Economics and similar, for the sleep-deprived
A subtle change has been made to the comments links, so they no longer pop up. Does this in any way help with the problem about comments not appearing on permalinked posts, readers?
Update: seemingly not
Update: Oh yeah!
Wednesday, October 16, 2002
Scenes from the decline and fall of this weblog ...
Yep, now I'm reduced to throwing hit 'n' run insults at short exceprts out of context from newspaper columns. Might as well go for the gusto by using the most hackneyed device on the web and awarding a "King Stupid" award to Thomas Friedman of the New York Times for this gem
How is it that Egypt imprisons the leading democracy advocate in the Arab world, after a phony trial, and not a single student group in America calls for divestiture from Egypt? (I'm not calling for it, but the silence is telling.) How is it that Syria occupies Lebanon for 25 years, chokes the life out of its democracy, and not a single student group calls for divestiture from Syria? How is it that Saudi Arabia denies its women the most basic human rights, and bans any other religion from being practiced publicly on its soil, and not a single student group calls for divestiture from Saudi Arabia?
I would guess that the reason that there is no campaign for divestiture from Syria is that it doesn't have a stock exchange.
There are a few Syrian companies quoted on the bourse in Doha, but they're not exactly mainstream investments. The Egyptian stock exchange is absolutely tiny; I seem to remember that Fleming-CIIC Securities (part of the JP Morgan Chase group) is the only international broker operating there (edit: Google says I'm wrong and that HSBC and ABN Amro have a presence. But google also tells me that the market capitalisation of Egypt is only $30bn), and although the Saudi stock market is capitalised at around $40bn, investment into it by foreigners is tightly regulated; basically, the only way you can buy into it is through a country fund managed by a Saudi bank and listed in London. Unlike Israel, which boasts a number of companies with New York listings and two S&P500 constituents, investment in the three countries mentioned is pretty hard-core emerging markets stuff, not really the widows-and-orphans territory of your typical university endowment.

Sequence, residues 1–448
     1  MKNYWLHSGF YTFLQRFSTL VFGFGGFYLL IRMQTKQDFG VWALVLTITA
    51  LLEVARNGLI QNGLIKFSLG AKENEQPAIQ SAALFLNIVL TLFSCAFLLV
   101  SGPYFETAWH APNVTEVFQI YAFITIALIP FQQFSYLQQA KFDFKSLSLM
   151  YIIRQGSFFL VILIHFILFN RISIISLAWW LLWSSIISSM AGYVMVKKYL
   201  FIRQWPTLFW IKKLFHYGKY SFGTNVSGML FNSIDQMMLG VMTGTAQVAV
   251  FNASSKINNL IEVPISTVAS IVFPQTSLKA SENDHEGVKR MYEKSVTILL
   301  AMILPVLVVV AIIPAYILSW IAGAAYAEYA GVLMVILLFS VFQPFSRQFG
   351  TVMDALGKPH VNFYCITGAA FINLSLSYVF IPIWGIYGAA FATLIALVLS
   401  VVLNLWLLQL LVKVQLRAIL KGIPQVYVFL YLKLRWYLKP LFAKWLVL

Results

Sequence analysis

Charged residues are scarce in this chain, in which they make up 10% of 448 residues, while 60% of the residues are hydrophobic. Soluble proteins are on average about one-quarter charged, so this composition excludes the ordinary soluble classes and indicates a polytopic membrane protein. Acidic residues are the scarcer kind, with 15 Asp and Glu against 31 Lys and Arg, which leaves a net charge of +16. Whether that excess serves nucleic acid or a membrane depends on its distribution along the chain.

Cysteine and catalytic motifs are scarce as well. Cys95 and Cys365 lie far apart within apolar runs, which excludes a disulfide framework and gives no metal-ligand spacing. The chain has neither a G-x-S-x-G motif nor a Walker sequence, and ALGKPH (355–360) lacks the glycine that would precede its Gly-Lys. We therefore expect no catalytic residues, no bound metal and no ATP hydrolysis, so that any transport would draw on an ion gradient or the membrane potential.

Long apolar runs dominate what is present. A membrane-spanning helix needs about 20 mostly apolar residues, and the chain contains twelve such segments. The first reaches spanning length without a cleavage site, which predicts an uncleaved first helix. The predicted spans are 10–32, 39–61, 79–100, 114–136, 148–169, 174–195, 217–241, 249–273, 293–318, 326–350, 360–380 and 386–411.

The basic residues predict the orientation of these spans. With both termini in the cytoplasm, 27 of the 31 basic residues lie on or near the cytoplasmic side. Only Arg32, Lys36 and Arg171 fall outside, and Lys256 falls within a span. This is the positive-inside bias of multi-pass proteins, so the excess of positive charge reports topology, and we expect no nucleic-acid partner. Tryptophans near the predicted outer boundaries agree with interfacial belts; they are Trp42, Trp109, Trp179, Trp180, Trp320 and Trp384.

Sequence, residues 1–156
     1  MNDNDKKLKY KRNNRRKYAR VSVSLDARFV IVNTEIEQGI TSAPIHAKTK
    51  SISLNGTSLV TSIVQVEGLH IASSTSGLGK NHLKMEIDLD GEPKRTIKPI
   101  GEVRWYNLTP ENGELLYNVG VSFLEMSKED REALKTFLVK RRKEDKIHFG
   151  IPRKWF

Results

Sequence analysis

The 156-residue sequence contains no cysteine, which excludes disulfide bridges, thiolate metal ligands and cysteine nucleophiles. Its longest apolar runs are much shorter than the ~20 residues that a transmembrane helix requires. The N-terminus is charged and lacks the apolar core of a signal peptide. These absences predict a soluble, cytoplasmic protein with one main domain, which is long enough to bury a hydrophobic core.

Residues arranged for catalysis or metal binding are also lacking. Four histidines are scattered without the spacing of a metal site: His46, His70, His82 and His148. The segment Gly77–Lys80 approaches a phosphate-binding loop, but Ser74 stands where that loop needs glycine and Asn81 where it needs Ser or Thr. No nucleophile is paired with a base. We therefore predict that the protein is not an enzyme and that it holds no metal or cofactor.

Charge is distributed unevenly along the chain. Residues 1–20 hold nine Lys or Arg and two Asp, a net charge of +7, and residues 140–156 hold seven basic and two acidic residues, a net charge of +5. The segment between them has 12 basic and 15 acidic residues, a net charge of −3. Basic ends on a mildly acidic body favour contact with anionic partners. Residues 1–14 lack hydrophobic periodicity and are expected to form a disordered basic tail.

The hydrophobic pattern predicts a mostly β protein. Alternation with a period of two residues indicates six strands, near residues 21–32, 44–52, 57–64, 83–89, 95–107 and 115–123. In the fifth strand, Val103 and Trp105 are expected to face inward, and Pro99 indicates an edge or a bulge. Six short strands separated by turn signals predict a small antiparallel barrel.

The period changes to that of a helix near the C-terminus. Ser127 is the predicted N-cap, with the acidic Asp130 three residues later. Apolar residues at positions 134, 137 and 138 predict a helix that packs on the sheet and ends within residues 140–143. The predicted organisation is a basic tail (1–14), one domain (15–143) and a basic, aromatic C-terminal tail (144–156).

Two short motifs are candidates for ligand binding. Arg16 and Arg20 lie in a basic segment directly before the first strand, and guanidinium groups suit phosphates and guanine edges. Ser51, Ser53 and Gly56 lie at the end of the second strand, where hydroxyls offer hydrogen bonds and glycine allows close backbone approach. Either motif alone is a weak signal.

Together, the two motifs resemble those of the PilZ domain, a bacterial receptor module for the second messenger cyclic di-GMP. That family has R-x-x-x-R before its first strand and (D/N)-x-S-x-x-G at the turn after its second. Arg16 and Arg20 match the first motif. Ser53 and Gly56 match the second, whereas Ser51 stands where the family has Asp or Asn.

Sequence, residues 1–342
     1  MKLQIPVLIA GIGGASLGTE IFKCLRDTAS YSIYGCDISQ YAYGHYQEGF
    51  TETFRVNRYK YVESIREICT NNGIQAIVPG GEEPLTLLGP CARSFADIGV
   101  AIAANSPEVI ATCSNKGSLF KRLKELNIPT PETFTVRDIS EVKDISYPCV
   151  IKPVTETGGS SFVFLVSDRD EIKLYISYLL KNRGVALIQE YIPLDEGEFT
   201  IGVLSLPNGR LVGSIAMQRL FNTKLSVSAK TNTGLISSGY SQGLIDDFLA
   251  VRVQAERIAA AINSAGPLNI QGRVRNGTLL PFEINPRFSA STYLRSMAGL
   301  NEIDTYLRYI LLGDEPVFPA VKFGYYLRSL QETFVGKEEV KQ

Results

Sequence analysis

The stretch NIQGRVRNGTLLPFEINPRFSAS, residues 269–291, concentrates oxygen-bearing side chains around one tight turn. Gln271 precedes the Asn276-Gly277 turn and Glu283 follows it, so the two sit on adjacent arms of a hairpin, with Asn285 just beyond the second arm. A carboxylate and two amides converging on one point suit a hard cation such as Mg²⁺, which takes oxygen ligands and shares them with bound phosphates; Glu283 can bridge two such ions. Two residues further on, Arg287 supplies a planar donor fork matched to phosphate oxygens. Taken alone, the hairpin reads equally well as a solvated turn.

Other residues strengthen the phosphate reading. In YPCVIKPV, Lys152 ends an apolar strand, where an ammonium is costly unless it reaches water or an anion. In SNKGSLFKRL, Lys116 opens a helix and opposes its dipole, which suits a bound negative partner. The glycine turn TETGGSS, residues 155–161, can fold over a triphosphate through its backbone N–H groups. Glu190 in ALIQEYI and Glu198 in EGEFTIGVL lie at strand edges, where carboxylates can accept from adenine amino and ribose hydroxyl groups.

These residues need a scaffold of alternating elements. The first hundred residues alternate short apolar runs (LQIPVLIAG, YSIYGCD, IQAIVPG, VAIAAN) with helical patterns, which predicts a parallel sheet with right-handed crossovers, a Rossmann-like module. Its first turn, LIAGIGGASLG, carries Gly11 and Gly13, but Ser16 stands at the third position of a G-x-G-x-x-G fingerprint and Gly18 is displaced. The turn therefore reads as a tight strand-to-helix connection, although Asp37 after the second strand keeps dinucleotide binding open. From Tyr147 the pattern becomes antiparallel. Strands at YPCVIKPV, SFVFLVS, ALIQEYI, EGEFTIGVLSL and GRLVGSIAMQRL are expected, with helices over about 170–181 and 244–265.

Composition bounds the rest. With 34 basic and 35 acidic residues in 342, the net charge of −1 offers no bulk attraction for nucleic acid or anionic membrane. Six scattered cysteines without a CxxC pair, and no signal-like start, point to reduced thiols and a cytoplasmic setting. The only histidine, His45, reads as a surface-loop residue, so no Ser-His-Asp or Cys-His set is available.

In fact, on the basis of the above research, I would hazard a guess (and perhaps award a small prize to anyone who can gainsay me with proof), that the major American university endowments have no investments at all in Egypt, Syria or Saudi Arabia, making it rather fucking pointless to campaign for them to "divest".
It is considered traditional at this point to fulminate about the kind of individual who makes this sort of pig-ignorant blanket assertion without bothering to spend five minutes on google to check the facts, but I'm scared of the blowback from that one.
edit Apparently I thought this post was so great that I posted it eight times. I don't know how that happened, but I think normality has now been restored.
this item posted by the management 10/16/2002 12:58:00 AM